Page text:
From the Daily News:
RESEARCHERS are hoping the excavation of a municipal parking lot in Flushing will reveal vital clues about 17th-century life - a rarely discussed effect of the controversial Flushing Commons development.
Archeological work slated for the Union St. lot could turn up artifacts from farms, a school and other sites that occupied the area over the last three and a half centuries, preservationists said.
...historians are salivating over the prospects of unearthing the past - during testing required by the city Landmarks Preservation Commission.
The commission ordered tests because of the project's proximity to the Macedonia AME Church, which began in 1811 and is considered the third-oldest religious organization in Flushing.
Eichenbaum figured Dutch settlers in the 1600s also might have crossed the plot, located between early downtown and where they docked boats in Flushing Bay.
Starting in the early 1800s, the site housed a school for the poor run by the Flushing Female Association. Archivists crave the school's long-lost student records.
"It's a longshot, but I'm hoping it will be recovered," said Jim Driscoll, the historical society's longtime president.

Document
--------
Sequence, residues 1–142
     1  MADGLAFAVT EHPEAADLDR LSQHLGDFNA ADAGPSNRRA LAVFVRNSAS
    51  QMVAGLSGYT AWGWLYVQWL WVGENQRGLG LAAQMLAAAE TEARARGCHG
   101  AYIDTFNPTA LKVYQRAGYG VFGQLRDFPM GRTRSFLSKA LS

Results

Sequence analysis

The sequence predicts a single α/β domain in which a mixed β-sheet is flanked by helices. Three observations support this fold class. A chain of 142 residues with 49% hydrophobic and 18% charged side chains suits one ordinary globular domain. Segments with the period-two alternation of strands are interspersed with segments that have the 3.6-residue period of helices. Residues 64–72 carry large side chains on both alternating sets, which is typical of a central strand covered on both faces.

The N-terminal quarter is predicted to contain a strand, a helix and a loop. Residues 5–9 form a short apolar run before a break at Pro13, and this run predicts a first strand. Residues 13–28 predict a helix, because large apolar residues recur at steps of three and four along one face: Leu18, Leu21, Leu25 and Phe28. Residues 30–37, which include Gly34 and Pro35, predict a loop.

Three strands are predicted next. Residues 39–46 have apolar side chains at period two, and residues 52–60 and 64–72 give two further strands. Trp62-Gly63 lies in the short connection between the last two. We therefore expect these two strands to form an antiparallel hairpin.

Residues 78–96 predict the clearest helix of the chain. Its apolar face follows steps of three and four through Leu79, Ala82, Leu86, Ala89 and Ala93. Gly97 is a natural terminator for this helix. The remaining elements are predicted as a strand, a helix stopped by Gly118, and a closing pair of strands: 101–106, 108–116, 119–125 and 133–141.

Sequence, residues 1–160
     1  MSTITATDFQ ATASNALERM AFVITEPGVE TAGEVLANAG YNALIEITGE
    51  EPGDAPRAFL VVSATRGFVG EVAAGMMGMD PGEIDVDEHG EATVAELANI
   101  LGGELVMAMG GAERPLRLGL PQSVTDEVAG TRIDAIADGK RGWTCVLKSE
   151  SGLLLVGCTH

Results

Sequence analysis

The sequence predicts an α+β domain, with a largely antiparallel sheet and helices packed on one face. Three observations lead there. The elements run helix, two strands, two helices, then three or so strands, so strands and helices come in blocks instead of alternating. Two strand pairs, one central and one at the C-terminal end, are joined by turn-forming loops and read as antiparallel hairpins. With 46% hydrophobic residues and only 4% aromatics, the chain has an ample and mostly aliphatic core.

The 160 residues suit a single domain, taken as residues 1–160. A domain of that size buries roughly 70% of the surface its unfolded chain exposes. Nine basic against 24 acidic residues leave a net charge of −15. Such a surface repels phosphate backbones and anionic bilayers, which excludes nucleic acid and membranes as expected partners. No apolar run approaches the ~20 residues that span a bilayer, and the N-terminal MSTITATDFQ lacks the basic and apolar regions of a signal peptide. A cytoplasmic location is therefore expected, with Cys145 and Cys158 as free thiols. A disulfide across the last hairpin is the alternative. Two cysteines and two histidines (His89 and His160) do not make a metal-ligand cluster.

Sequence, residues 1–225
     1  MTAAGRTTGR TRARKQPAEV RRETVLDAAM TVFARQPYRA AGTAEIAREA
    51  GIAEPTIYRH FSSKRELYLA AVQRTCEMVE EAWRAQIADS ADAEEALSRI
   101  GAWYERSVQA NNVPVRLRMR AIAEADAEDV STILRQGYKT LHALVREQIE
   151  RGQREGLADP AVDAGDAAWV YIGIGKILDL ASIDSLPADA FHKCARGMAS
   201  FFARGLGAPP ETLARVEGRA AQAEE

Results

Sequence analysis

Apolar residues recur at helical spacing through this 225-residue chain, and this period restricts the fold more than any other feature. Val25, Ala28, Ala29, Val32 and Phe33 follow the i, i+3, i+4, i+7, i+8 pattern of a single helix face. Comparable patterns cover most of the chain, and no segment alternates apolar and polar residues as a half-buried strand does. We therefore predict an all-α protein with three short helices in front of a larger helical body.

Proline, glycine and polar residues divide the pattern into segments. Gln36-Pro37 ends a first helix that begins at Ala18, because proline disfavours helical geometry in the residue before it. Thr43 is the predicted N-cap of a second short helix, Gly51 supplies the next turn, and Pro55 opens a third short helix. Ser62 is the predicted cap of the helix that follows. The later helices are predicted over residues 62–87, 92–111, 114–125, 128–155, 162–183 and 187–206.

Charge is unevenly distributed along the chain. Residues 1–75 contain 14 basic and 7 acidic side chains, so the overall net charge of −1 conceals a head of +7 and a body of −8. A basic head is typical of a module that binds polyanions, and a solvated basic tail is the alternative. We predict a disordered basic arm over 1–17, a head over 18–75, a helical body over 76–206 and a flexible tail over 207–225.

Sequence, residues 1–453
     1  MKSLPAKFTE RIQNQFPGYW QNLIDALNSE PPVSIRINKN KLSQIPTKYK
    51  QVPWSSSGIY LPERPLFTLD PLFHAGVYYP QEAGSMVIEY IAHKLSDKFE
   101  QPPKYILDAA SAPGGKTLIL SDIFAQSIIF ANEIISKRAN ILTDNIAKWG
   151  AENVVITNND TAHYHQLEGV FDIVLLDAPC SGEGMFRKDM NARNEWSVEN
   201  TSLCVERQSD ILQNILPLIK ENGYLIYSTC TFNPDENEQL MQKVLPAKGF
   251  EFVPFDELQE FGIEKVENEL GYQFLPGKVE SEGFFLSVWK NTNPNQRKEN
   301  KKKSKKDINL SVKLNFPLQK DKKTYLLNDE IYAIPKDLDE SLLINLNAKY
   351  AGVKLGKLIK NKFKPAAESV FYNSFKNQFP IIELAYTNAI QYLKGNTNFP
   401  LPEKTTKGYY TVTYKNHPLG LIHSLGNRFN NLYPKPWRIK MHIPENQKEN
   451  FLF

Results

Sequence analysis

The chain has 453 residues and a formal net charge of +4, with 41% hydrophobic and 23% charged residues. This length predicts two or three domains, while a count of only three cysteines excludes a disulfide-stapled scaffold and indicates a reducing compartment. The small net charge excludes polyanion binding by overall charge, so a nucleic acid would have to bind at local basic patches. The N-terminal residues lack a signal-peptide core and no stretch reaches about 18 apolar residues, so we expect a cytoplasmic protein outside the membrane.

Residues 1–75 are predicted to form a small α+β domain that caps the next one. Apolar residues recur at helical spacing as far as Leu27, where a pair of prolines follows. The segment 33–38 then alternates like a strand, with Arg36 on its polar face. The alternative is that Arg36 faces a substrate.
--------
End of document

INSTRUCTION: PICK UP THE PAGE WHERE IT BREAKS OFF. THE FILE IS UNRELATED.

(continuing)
The Landmarks Preservation Commission instructed the site's developers, TDC Construction and the Rockefeller Group, to hire an archeological expert as part of any underground work.
Michael Meyer, the president of TDC Development, said the developers will likely pick a consultant early next year.
"We don't expect, frankly, there will be much of anything," he said. "But you never know. We may be surprised."
Others held out hope.
"Excavation could fill in gaps in the documented history we have in our collection," said Marisa Berman, executive director of the historical society. "It would ultimately give historians a better understanding of that area."
How could all of these historians and preservationists fail to mention the artifacts most likely to be discovered there and the population they belonged to? HELLOOOO?